U.S. unlikely to limit trade despite Castro crackdown
WASHINGTON - U.S. companies sold food worth $138.6 million to Cuba last year and are on track for a 19 percent increase in sales this year despite Fidel Castro’s recent crackdown on dissidents.
The Castro government’s behavior during the past month makes it unlikely that Congress will further relax the 42-year-old trade embargo against Cuba. It is equally unlikely that lawmakers will restrict sales of farm commodities to a nation that quickly has become a big customer of American wheat, corn, chicken, soybeans and rice.
Congress in 2000 allowed sales of U.S. farm commodities to Cuba but limited them to cash-only deals. That restriction actually has proved to be good for U.S. companies, said John Kavulich, president of the U.S.-Cuba Trade and Economic Council.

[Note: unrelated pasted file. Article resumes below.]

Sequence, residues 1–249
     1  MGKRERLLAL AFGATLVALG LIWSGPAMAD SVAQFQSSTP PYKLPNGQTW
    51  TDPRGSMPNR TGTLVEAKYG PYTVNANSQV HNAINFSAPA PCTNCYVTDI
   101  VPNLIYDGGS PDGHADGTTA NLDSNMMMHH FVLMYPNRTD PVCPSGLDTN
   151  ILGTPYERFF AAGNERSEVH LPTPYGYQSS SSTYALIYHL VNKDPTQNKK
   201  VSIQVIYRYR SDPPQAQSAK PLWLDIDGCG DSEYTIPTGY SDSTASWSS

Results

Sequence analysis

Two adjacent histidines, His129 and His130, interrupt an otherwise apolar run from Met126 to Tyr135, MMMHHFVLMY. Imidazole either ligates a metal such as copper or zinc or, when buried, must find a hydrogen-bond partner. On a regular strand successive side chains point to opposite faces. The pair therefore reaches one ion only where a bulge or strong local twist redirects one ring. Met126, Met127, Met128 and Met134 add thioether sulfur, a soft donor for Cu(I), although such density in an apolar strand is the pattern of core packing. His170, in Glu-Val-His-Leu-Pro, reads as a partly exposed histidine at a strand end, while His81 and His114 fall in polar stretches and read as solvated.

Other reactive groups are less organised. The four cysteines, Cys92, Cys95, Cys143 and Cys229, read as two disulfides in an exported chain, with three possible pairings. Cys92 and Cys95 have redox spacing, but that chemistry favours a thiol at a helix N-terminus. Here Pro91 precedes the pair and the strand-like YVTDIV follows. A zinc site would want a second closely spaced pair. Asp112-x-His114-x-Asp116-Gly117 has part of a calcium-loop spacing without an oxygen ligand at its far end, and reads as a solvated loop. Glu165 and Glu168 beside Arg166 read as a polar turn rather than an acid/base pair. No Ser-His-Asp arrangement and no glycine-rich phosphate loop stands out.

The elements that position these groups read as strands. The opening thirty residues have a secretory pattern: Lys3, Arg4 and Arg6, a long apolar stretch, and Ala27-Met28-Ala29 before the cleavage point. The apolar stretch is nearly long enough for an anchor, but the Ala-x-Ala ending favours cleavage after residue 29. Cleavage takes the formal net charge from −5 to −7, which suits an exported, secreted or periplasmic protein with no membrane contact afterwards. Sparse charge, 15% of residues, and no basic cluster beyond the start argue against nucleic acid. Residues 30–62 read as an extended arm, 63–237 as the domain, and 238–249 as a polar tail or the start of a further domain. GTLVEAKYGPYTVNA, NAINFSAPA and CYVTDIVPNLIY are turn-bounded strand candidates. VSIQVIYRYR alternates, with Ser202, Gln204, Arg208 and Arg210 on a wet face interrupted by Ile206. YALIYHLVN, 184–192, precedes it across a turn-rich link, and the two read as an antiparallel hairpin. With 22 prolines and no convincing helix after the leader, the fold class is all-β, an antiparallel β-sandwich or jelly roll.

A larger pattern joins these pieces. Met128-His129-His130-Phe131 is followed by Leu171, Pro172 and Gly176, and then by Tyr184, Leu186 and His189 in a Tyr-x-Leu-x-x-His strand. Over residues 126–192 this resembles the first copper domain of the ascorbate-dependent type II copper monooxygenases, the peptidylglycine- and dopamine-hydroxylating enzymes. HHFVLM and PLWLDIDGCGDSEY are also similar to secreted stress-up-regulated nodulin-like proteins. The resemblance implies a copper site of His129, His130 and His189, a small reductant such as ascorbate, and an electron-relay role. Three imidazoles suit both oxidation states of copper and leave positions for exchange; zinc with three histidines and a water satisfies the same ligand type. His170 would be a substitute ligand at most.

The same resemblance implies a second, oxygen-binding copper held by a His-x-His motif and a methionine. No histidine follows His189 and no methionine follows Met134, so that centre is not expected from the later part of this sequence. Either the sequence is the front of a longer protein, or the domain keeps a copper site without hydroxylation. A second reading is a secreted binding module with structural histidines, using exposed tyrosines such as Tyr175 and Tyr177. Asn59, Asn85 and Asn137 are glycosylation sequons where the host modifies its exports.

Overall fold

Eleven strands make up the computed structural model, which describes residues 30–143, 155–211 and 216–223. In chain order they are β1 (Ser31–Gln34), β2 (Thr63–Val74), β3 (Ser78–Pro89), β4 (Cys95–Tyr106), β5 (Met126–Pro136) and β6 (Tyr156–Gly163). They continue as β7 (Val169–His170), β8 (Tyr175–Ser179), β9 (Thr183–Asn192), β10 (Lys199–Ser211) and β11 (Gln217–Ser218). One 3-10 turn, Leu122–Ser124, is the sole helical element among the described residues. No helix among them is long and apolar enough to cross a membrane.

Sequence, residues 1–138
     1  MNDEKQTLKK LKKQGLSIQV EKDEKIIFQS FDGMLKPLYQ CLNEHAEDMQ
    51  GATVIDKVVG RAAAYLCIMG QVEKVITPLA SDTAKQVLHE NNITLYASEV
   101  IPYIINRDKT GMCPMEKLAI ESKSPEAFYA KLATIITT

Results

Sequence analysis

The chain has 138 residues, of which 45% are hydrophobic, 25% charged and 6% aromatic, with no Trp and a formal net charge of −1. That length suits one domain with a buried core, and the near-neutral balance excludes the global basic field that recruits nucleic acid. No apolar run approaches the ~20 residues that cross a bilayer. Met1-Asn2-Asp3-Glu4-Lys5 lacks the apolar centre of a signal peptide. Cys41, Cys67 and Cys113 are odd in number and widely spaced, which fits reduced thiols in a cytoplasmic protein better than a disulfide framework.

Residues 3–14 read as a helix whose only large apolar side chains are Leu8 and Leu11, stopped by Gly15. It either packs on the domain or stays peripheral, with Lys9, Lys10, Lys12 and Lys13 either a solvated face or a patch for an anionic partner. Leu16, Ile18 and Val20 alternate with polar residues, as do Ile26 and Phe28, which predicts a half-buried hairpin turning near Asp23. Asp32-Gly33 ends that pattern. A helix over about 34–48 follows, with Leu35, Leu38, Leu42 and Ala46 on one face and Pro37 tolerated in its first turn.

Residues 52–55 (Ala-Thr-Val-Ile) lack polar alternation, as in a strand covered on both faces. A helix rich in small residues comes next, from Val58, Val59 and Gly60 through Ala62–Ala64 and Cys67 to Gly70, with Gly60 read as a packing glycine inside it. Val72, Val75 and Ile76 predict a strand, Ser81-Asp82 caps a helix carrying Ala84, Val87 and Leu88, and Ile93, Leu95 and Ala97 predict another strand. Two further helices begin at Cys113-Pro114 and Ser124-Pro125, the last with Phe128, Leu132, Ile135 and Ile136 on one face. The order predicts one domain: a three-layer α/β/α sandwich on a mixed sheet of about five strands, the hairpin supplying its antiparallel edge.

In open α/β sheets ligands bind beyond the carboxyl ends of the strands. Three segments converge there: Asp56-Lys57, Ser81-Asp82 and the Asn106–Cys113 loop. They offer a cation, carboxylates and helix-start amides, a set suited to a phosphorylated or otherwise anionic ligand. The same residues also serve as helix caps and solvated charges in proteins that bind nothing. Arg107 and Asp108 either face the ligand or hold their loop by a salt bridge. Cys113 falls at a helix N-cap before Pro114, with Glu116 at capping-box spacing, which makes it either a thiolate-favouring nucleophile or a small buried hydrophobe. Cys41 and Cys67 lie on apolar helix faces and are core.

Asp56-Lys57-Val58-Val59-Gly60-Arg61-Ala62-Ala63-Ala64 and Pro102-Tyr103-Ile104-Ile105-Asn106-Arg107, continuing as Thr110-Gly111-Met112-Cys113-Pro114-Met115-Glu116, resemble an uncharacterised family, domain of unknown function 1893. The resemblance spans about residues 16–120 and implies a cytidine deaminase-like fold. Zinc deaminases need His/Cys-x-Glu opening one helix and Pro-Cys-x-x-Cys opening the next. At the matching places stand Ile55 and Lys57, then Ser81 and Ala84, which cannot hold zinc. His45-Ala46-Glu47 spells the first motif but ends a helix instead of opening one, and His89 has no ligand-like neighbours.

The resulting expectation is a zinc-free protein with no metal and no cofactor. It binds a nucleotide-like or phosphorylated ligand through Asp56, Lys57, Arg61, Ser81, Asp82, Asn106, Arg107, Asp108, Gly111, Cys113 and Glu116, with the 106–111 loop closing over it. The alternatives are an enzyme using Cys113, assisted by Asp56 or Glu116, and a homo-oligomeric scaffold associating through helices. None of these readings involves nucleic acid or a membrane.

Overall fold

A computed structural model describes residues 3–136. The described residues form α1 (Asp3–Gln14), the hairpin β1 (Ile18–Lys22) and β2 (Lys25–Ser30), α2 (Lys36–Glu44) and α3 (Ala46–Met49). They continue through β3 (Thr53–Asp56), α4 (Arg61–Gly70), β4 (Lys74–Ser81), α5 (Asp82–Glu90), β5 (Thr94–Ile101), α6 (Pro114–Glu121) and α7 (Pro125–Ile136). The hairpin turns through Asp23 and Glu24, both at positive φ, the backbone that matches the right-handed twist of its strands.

“Cuba is one of the safest export markets in the world for U.S. companies today because the law requires cash-only transactions,” Kavulich said.
The law does not limit the quantity or value of food and farm products that can be sold to Cuba, which became the 50th-largest farm export market for U.S. companies last year, compared with No. 144 in 2001.
The promise of Cuba as an export market has won over growing numbers of congressional Republicans, particularly those from farm states where low prices and bad weather have squeezed farmers for the past six years.
Free-trade Republicans joined many Democrats in arguing for ending, or at least easing, trade restrictions against Cuba. They pointed out that U.S. penalties had failed to remove Castro from power and deprived American farmers of a potentially major customer.